The Librarians of Congress

by Christian A. Nappo, Lanham, MD: Rowman & Littlefield, 2016. 140 pp. $75.00 (hardcover). ISBN 978-1-4422-6260-7.

Like many of my former colleagues in the professoriate, I talked little of the thirteen men featured in The Librarians of Congress. Except for a brief mention in the first-year foundations course I taught, this group of directors administering the information needs for Congress at what is considered America’s national library was an afterthought, although as an English major I knew that the twentieth-century poet Archibald MacLeish was a librarian of Congress and as a cable subscriber grateful for C-SPAN’s Book-TV that the Russian scholar James Hadley Billington was nominated, in 1987, by President Ronald Reagan.

My initial reaction to seeing the The Librarians of Congress available for review a few months ago, therefore, was an uplifting blend of wonder and interest. I was delighted to see a title that surely would fill a gap in the professional literature and, simultaneously, was intent on reviewing it. I was certain the book would increase knowledge beyond learning the answer to the question, Who is the longest serving librarian of Congress? What I did not expect, however, was to be so entertained by the vital details in these informative biographies that I would suggest The Librarians of Congress be required reading in library and information studies programs. Indeed, were I still teaching I would find a way to include it in, say, History of Libraries or at least offer it as an independent study option. What is more, I might encourage every graduate of an American library school to read this book. 

Why? “The history of the Library of Congress is the history of America,” Christian A. Nappo writes in the Preface (xiii). And, with credit to Nappo’s background in American history, this book describes in fascinating and concise narrative the political milieu surrounding the often acrimonious appointments and always challenging tenures of the librarians of Congress. After all, with little or no background in library science but generally accomplished as doctors, lawyers, novelists, journalists, publishers, or intellectuals, these directors were presidential appointments. In the early decades of the Library of Congress (LC), for sure, the head librarian was selected for his support of a winning campaign for the White House, notably the first librarian of Congress, political strategist John James Beckley, by Thomas Jefferson in 1801; the fourth, newspaper executive John Silva Meehan (no relation to this reviewer), by Andrew Jackson in 1829; and the fifth, John Gould Stephenson, by Abraham Lincoln in 1861.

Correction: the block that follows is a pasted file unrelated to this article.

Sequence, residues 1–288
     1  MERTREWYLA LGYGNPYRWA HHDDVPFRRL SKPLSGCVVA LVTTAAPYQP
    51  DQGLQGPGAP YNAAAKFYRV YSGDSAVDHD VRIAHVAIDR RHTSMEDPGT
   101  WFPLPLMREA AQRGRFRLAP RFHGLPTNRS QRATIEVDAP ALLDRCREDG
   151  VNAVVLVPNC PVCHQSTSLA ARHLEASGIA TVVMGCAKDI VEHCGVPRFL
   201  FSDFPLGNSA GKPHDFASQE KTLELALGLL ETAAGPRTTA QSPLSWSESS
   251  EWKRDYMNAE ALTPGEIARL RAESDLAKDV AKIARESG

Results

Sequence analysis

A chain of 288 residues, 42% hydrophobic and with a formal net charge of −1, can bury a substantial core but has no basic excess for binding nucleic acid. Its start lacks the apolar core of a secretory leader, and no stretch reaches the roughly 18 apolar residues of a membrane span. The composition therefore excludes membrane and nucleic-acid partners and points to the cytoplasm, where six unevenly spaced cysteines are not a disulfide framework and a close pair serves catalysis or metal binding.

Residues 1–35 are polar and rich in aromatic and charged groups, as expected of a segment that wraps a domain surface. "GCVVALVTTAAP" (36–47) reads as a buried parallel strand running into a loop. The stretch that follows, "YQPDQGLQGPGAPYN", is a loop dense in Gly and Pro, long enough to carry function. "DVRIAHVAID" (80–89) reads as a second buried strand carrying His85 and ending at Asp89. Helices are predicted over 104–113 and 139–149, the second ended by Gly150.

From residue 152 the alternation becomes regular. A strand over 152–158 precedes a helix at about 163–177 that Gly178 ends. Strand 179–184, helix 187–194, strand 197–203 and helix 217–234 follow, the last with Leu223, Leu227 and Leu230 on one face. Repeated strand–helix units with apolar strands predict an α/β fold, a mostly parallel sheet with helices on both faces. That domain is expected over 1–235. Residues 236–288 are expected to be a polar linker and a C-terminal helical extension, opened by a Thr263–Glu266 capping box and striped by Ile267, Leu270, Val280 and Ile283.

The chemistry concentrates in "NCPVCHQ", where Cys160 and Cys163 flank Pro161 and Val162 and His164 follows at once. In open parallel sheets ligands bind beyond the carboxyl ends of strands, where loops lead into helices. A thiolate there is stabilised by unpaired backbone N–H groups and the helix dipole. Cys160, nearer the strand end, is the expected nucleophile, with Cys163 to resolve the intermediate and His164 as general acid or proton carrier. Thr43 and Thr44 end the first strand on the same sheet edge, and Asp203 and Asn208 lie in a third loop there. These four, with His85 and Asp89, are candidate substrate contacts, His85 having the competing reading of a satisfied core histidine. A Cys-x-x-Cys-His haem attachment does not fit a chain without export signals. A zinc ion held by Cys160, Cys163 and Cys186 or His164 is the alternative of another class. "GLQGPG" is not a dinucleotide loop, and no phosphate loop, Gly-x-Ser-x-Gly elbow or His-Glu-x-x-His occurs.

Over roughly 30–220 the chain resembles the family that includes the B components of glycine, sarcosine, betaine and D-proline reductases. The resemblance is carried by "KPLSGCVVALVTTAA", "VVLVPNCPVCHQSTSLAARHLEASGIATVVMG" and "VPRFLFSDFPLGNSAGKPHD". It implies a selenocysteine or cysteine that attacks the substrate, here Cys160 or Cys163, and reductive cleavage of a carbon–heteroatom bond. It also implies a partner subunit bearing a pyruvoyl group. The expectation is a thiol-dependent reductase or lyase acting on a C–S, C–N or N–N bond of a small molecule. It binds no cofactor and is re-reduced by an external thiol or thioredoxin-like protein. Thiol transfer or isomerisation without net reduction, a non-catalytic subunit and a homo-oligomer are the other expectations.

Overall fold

While the Librarian of Congress remains a patronage appointment that, with only two exceptions, carries over into successive administrations, Nappo’s book leaves the reader not only grateful for the cultural and intellectual center the LC has become but also respectful of these directors, who made the most with opportunities presented by perpetual information growth and needs as well as with ongoing budget uncertainties, preservation concerns, and, more recently, digitization worries. What is more, the second and fourth librarians of Congress were forced to deal with the aftermath of devastating fires. According to Roy Balleste, director of the library at St. Thomas University School of Law, who writes the Foreword, “Nappo takes us on a journey that expands more than two hundred years and skillfully shares a wonderful story that traverses a portion of American history not well known. For the first time, he connects the stories of the men in an unforgettable and inspirational tale of determination” (xii).

Nappo’s motivation for The Librarians of Congress is to provide a ready reference resource. He thus structures each profile similarly: an opening, summarizing paragraph; the person’s early life and career; appointment and years as librarian of Congress; and later years. Notes and Bibliography sections round out the chapters. Nappo also identifies a librarian of Congress by a moniker that enhances the overall narrative. For example, because he led the LC’s change in roles from legislative to national, Ainsworth Rand Spofford, the sixth librarian of Congress, is called “the transformational librarian”; because he turned the LC into the renown institution it is today, with his classification system and card catalogs (now the Online Public Access Catalog (OPAC), his record of donor gifts, and his overall capital development, George Herbert Putnam, the eighth librarian of Congress, is called “the modern librarian”; and because of his prior experience directing libraries, Lawrence Quincy Mumford, the eleventh librarian of Congress, is called “the administrative librarian.”  

To be a more effective ready reference source, The Librarians of Congress would benefit with two inclusions: placing dates of service as librarian of congress in the chapter headings and providing a table displaying the name of the librarian of Congress, his moniker, his hometown and state, his years of service, and the nominating president in an appendix. The book also might have contained a closing chapter that ties the narrative together by emphasizing the intended take-aways or by anticipating the potential political, personal, and administrative demands for future directors. The price tag on The Librarians of Congress reflects its aim as a reference source and thus will limit purchasers to institutions and not the individuals who should acquire it for their personal collections.

William F. Meehan III, Lewes Beach, Delaware